One of the most ambitious projects thus far came from Peter Bienstock, who in 1998 proposed to erect nine buildings totaling 323,000 square feet, and including offices, light industrial, warehouse space, and 900 parking spaces, as well as a restaurant. More recently, about ten years ago, an affordable housing complex idea was bandied about.
Martinez understands the challenges of building in the pit, both the physical and the political. “I know I will hear negative things,” he said, but he is hopeful that his plans to incorporate green infrastructure and concepts like a promenade to allow pedestrians to pass through from downtown to Hasbrouck Park might open some minds. Some of the earliest online discussions, after the first proposal was made in August, included allegations that the opposition was racist in character. Martinez is not willing to label it as such. “It depends on how you take it,” he said, but ultimately, “I love working in New Paltz.” Having lived here for over 23 years, he believes that opposition is more likely to be political in nature, and he said he will “do as much as I can” to allay concerns.
Among those concerns is a case against Sergio Raymundo, who in his capacity as a construction manager for Lalo was charged by the state’s Attorney General for allegedly failing to pay some $800,000 in wages to employees on another project. “That case is being settled,” Martinez said, and stems not from intentional theft, but the responsibility a general contractor has for the actions of subcontractors; New York is one of the few states which makes the general contractor so liable, Martinez said. Several other contractors were also charged, he pointed out, and it’s since been determined that the discrepancy was “really only $52,000.” The attorney general’s press release after the charges were filed asserted that Raymundo had allegedly signed false checks to conceal the facts of the case. Martinez did not return an e-mail asking for clarification.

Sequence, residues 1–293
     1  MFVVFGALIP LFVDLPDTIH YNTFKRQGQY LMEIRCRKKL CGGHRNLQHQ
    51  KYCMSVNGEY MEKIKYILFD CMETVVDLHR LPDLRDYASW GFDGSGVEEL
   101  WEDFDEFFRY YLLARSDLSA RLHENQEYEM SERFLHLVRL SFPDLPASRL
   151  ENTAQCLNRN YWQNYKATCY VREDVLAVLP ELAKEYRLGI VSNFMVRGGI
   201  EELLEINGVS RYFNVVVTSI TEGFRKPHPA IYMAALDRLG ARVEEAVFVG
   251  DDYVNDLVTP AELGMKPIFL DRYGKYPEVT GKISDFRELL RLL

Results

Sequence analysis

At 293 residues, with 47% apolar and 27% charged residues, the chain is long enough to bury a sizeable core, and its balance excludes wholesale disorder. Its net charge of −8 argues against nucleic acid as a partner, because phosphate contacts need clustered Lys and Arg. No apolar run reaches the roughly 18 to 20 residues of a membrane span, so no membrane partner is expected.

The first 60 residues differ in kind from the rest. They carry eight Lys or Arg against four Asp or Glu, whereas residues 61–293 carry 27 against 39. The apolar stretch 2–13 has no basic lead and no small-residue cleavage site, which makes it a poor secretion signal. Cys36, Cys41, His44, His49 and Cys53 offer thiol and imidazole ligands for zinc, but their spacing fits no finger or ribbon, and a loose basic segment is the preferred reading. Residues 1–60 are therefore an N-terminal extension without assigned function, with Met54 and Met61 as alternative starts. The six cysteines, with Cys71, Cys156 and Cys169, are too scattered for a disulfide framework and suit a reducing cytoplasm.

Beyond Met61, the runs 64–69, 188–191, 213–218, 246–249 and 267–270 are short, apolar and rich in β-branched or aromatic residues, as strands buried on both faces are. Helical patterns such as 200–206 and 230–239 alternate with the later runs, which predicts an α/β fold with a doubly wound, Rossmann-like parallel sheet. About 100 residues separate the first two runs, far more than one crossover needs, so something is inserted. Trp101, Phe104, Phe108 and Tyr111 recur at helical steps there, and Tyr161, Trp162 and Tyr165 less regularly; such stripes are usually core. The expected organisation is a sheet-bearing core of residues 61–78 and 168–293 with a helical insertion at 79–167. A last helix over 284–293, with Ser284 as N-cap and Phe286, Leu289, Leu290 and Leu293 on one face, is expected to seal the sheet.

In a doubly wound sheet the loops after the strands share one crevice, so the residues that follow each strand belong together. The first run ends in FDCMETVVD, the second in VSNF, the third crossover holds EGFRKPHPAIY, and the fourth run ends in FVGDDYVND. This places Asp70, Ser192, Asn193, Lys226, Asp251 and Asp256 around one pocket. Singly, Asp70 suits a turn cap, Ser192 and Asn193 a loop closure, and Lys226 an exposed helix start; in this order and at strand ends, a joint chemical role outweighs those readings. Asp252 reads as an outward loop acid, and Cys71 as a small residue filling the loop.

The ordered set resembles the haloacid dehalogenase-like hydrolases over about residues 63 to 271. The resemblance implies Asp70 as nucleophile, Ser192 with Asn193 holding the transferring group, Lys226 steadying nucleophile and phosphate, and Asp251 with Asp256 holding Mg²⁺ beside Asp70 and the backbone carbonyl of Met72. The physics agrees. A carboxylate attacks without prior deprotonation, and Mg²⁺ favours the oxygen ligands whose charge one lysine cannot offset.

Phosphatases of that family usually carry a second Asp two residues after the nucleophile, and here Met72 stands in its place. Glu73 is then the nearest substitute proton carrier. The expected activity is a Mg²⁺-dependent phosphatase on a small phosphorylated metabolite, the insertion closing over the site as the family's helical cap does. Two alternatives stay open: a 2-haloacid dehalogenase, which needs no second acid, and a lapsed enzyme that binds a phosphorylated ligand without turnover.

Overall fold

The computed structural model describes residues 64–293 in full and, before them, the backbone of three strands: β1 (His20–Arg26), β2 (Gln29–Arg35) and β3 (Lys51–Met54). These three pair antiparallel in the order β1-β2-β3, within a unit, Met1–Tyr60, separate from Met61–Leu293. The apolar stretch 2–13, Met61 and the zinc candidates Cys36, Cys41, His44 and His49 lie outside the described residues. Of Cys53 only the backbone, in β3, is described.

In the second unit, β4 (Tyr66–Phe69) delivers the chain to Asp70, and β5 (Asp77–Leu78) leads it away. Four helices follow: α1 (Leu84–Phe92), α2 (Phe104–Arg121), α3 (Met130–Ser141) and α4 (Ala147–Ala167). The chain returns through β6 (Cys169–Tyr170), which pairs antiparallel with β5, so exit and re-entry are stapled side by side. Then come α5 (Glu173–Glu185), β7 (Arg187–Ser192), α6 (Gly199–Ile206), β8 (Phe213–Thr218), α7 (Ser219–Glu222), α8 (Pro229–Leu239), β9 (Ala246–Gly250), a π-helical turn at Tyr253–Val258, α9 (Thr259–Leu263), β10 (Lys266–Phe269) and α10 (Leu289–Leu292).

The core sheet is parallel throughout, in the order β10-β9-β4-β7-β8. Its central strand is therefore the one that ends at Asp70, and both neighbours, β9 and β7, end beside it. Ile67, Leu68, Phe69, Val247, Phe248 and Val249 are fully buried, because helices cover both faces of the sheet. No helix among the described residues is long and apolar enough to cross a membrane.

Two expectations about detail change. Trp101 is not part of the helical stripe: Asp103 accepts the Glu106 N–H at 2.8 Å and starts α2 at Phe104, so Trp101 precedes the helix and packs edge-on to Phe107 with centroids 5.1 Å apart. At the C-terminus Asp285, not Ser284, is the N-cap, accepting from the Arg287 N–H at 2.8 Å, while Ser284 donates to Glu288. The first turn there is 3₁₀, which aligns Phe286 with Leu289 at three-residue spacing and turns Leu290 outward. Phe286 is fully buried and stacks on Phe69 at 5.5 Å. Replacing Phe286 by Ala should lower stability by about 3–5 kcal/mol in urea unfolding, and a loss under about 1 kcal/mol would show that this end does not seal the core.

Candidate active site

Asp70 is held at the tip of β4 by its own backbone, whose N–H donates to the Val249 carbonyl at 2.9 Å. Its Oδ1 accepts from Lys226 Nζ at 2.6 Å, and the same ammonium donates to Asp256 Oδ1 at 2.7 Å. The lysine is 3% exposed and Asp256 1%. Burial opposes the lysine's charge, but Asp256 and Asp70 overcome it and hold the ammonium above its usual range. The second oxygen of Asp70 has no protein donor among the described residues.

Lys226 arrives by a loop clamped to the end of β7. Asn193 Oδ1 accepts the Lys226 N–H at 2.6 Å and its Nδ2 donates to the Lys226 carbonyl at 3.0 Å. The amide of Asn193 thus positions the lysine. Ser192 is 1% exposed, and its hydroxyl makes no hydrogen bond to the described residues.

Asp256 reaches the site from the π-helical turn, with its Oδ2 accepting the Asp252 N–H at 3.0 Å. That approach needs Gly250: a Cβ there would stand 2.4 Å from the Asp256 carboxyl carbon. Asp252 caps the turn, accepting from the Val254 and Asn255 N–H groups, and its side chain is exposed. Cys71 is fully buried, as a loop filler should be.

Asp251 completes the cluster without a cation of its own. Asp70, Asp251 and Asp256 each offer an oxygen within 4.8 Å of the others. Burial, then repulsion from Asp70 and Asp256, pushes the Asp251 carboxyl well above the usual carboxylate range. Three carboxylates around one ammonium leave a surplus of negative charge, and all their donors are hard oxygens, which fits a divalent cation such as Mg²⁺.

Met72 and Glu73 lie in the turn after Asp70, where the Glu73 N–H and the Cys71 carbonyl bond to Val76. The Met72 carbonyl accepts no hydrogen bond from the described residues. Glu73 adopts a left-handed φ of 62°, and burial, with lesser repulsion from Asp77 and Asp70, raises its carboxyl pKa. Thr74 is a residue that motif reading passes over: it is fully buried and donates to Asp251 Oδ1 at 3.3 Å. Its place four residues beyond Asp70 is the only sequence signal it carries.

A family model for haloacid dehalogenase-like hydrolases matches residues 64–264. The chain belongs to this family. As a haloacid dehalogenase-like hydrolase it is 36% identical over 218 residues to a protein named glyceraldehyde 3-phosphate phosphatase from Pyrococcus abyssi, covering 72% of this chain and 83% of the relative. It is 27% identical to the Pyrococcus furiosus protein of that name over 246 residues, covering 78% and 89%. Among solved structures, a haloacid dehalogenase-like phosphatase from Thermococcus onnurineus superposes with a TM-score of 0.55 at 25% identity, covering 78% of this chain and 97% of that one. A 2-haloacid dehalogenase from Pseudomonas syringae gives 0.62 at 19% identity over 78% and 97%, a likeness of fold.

Whether the Gunks will be built, in the form now proposed or another, is impossible to say unless and until a formal request to the Village Board for a zoning change is made. If that happens, the process is likely to unfold slowly and go through many iterations. What is certain is that the pit, so long as it is empty, will continue to be mostly overlooked by residents and eyed by intrigued developers.